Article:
Not sure where this came from, I think somebody had it at one of the field day events, if I knew where to look I'd go get one myself!
I like computers and trains, as well as taking photos of trains. Eventually learned out I could listen to the railroad dispatchers on a "Radio Scanner" device and immediately wanted one to know what was going on and when the trains were coming. One Christmas I got a RadioShack PRO-97 tripple-trunking analog scanner from my Grandparents, and in addition to finding the railroad and local Fire/EMS I discovered it could scan Ham Radio pre-loaded ranges.
After weeks of scanning different random things on my new toy, I stumbled onto WW4VA 145.270 Stafford, VA where I frequently heard people talking around rush hour, and gathered they were using a device called a "repeater" up on a high tower to talk farther, which is what I was really listening to. After a while of listening to people talking about random things I didn't understand or care about at the time, I heard a few people mention things with computer-technology and trains -- which caught my attention and got me interested in learning how to talk to these people. After some searching I decided it was too hard to figure out on my own, especially finishing High School and looking at college.
As I studied Computer Science in college, one of the required classes was "Computer Systems & Architecture" which included a section on building simple circuits from resistors, and/or/not chips, 555-timers, D-flip-flops, and some other theory of how these all work together. This all seemed interesting though I didn't see much of an application outside my personal hobbies (model train accessories!) All this was fine and good, but then I had to move on and get a job and settle for what I had time for.
When I finally graduated and got a job, I wired up my car with mag-mount antennas for a CB, my scanner, MiFi (streaming music is better with good internet). I happened to use a 19" high-gain multi-band cellular antenna for my MiFi which helped eliminate the one dead spot. Neat, eh? At work, I noticed there was a HAM plate on one of the cars and recalled my interest in Amateur Radio but by now I didn't have sufficeint time to investigate licensing and also the repeater I knew about had been dead quiet for some time, I'd forgotten about it...until one day I was coming or going and ran into Bob, AA2FD who asked about the antennas I had on my car. One thing lead to another, and I got the little bit of help and encouragment I needed to understand how to properly study and what the steps were to take the license exam. After some planning and anticipation, myself and my friend (who also worked with me in my computer class and ended up as a co-worker also interested in Ham Radio) went up to try and get licensed...and passed! Now I could finally talk to some of these people that I used to hear on my scanner (well, after I got a new radio because the used VX-5R died the 2nd day I used it to listen, it was super hot and wouldn't transmit). So now I had a nice VX-6R and say stuff!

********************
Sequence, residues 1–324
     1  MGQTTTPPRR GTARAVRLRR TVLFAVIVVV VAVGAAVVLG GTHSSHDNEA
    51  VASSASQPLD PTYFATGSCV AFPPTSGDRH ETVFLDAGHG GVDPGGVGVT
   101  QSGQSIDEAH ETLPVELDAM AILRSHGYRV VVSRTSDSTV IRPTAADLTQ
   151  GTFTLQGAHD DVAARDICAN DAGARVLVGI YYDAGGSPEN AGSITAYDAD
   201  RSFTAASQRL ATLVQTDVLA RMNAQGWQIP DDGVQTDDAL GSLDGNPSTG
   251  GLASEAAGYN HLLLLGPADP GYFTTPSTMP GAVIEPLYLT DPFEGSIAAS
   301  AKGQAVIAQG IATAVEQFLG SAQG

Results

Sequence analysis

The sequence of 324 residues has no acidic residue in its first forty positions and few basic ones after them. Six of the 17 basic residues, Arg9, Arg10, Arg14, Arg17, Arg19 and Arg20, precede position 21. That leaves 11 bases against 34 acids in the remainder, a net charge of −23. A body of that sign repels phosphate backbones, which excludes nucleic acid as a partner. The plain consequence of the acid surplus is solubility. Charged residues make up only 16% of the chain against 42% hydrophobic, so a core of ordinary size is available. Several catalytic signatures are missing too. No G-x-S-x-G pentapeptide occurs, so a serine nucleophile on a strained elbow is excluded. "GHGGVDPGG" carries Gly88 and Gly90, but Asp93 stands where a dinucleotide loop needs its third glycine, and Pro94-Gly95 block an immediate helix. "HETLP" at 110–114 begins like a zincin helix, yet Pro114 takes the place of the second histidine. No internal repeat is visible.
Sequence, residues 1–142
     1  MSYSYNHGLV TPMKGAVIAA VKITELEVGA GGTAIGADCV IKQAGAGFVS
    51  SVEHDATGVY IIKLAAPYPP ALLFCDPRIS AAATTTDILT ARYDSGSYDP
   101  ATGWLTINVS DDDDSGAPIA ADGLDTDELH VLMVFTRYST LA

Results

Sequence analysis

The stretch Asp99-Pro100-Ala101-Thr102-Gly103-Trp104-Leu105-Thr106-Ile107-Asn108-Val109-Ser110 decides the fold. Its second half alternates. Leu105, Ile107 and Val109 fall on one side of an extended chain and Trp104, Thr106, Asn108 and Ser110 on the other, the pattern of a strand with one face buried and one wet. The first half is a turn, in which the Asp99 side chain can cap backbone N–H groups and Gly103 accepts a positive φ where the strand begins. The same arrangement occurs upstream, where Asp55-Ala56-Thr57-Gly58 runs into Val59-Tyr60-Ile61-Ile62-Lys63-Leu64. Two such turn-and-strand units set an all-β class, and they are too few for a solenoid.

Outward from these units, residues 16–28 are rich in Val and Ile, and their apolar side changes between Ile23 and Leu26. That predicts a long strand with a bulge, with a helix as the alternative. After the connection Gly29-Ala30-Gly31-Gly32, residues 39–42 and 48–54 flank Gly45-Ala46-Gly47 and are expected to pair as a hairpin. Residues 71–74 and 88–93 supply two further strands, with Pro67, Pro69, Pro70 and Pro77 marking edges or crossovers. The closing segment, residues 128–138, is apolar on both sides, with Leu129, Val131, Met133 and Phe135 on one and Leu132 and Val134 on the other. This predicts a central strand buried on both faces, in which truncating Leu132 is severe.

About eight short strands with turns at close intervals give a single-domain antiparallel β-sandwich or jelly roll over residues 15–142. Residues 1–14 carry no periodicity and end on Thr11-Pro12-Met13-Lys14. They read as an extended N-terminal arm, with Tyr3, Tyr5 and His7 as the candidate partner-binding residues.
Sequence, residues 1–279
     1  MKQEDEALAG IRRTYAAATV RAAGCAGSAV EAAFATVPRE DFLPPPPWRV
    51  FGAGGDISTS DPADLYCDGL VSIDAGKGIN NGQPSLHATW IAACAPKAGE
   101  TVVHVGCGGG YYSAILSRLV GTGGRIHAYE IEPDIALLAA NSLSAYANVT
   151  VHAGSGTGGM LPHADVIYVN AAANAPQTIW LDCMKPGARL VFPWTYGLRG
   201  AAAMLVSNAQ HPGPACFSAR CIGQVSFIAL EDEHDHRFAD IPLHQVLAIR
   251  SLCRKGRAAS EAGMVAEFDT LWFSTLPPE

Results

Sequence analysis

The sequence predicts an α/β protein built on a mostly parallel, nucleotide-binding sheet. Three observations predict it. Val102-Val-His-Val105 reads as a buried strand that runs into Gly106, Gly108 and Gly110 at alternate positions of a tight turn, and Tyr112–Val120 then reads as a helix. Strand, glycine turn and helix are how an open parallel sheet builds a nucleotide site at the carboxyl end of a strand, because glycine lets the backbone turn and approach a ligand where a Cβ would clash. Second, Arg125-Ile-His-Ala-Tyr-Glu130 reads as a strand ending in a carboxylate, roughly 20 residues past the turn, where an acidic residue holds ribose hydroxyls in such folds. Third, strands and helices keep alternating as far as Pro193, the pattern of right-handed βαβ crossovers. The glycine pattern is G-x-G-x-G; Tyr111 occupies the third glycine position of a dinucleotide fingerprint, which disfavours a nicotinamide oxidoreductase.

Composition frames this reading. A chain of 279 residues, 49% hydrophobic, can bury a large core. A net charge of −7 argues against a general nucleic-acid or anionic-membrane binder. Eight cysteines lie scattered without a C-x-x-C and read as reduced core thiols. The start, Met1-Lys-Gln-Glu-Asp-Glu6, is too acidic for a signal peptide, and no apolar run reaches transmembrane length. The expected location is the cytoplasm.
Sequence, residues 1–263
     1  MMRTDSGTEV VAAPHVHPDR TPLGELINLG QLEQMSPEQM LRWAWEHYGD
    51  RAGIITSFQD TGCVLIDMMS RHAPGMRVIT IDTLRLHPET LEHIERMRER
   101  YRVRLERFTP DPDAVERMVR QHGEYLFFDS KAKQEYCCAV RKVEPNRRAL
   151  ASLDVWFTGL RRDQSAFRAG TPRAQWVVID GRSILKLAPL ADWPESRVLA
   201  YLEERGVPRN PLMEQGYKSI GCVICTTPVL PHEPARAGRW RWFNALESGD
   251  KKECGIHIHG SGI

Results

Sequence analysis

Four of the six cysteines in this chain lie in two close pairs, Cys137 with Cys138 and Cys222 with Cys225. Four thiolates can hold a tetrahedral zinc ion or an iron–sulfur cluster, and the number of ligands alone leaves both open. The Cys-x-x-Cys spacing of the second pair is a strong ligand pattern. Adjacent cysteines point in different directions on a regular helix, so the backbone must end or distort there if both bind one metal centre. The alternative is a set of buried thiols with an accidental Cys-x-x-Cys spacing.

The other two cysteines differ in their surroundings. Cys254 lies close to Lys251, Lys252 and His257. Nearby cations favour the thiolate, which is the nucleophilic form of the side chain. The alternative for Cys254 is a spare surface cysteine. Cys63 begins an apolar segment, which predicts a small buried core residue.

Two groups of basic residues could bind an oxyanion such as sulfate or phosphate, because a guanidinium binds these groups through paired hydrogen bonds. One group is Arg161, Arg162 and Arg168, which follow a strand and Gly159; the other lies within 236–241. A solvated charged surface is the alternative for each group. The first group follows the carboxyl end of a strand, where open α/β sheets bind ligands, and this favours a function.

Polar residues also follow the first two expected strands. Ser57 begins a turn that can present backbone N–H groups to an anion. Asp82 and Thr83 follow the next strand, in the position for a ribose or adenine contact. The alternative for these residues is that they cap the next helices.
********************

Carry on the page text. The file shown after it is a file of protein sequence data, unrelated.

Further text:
As I started work, I ended up with 2 roomates (all 3 of us Computer Science majors with the same classes as background) -- one of them very interested in hardware-hacking type (now KK4TNJ) stuff and the other costume conventions (still nagging to try the license exam). About the same time, I was also falling out of communication with a good college friend (now KM4JPX), but introducing them to my new roomate sparked the surprise they were both interested in the same costume stuff just different aspects of it! (more on this later).
The hardware-hacking roomate caught my interest with the SDR receivers and computer-radio integration, and then one of the costume convention programs shocked me when I noticed a "Fox Hunt Radio Direction Finder" activity and went to one only to learn a lot of people doing that were also Hams and talked on Echolink regularly. Now I had to work Echolink into everything somehow - I didn't like using an "app" but with my interest in hardware stuff, I quickly learned I can connect Echolink to a radio thus feeding into my hardware hacking interest and sort of merging everything together. Somewhere along the lines I was also introduced to a "friend of a friend" (now K2KAT) who got me interested in some elevator hacking DefCon talks (amazing how those things work!) and started finding all sorts of other nifty tech details on all sorts fo topics.
Now one thing has lead to another, so mixing hobbies has led to a number of interesting projects into all sorts of new things in ways I never dreamed of. And it all started because I liked computers and trains.
Got all that? If so, maybe you can explain it to me so I can make it intelligable. If not, no worries.
At this point, most of my "on air" operation is thru the RVARC club repeater as I drive to and from work though I also monitor 146.520 simplex at the same time.
I've started to play with HF a bit, and have a well tuned 40m V-shape "slinkey dipole" (best-case 1.1:1, worst-case 1.7:1) hanging from my apartment cieling, the noise floor is extremely high usually around S8 which makes operating a challenge. It's my goal to get better with operating and come up with a system where I can drive somewhere, park, and operate from temporary locations. For now, I have had the best luck on JT65, the software usually copy contacts even though I can't hear anything but static.
I have an APRS iGate (KK4NDE-1) and Echolink node (KK4NDE-L) running in a mini-ITX computer case for portability all controlled by a Raspberry Pi 2 Model B. Check out the "Hobby Projects" area of my site for all the details on these and other projects!